Those smarter choices are sweeping the global energy market. Half the world’s new generating capacity in 2008 and 2009 was renewable. In 2010, renewables except big hydro dams won $151 billion of private investment and added over 50 billion watts (70% the total capacity of all 23 Fukushima-style U.S. reactors) while nuclear got zero private investment and kept losing capacity. Supposedly unreliable windpower made 43-52% of four German states’ total 2010 electricity. Non-nuclear Denmark, 21% wind-powered, plans to get entirely off fossil fuels. Hawai’i plans 70% renewables by 2025.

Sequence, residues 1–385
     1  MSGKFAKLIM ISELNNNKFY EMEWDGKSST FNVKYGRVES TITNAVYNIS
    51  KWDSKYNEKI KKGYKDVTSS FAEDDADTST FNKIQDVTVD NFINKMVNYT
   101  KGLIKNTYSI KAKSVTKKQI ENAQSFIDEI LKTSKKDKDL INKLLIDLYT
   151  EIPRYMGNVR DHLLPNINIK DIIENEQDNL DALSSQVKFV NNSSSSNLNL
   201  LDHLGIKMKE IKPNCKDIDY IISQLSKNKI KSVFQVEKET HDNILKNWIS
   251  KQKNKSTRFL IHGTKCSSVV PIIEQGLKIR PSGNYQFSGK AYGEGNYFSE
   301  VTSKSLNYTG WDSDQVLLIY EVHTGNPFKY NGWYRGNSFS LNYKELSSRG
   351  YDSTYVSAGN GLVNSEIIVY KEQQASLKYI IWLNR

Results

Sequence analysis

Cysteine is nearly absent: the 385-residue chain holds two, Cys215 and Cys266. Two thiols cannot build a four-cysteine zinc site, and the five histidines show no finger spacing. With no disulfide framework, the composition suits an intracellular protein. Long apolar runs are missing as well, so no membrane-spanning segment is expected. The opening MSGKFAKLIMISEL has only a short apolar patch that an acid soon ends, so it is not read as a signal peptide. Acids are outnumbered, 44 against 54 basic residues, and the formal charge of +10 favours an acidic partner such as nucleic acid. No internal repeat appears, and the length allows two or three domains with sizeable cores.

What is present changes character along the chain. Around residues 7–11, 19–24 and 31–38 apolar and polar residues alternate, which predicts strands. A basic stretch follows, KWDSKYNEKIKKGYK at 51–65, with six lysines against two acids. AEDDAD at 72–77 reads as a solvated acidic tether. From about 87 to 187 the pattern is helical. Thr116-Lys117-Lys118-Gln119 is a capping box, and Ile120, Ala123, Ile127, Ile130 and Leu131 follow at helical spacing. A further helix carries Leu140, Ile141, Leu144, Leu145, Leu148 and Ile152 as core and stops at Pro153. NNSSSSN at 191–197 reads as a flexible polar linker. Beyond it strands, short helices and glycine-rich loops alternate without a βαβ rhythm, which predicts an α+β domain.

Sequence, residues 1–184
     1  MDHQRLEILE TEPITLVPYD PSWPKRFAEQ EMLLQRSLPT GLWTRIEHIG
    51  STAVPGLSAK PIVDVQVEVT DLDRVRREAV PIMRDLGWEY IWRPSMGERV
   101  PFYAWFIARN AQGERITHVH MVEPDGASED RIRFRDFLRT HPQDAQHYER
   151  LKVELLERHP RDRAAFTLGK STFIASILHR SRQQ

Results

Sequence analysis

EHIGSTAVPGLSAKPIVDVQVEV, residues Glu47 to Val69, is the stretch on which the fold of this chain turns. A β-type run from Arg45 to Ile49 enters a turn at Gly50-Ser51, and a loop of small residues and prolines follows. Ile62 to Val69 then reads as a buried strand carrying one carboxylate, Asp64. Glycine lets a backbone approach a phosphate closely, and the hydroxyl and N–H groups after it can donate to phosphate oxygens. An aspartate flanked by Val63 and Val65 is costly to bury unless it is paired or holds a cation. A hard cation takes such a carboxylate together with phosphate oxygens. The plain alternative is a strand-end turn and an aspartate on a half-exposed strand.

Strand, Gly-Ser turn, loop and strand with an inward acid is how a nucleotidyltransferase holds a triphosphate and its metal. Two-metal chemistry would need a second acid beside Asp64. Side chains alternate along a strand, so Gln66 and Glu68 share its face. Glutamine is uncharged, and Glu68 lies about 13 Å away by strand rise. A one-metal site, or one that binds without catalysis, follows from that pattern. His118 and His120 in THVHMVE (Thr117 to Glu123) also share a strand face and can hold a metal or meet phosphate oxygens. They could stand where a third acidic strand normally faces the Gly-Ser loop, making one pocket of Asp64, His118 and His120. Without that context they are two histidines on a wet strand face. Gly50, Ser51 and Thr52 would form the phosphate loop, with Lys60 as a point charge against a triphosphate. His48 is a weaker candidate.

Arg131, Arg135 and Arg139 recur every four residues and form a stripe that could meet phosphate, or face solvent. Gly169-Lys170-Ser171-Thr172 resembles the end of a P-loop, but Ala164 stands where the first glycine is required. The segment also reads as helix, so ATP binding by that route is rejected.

In contrast, of the 66 nuclear units worldwide officially listed as “under construction” at the end of 2010, 12 had been so listed for over 20 years, 45 had no official startup date, half were late, all 66 were in centrally planned power systems–50 of those in just four (China, India, Russia, South Korea)–and zero were free-market purchases. Since 2007, nuclear growth has added less annual output than just the costliest renewable–solar power –and will probably never catch up. While inherently safe renewable competitors are walloping both nuclear and coal plants in the marketplace and keep getting dramatically cheaper, nuclear costs keep soaring, and with greater safety precautions would go even higher. Tokyo Electric Co., just recovering from $10-20 billion in 2007 earthquake costs at its other big nuclear complex, now faces an even more ruinous Fukushima bill.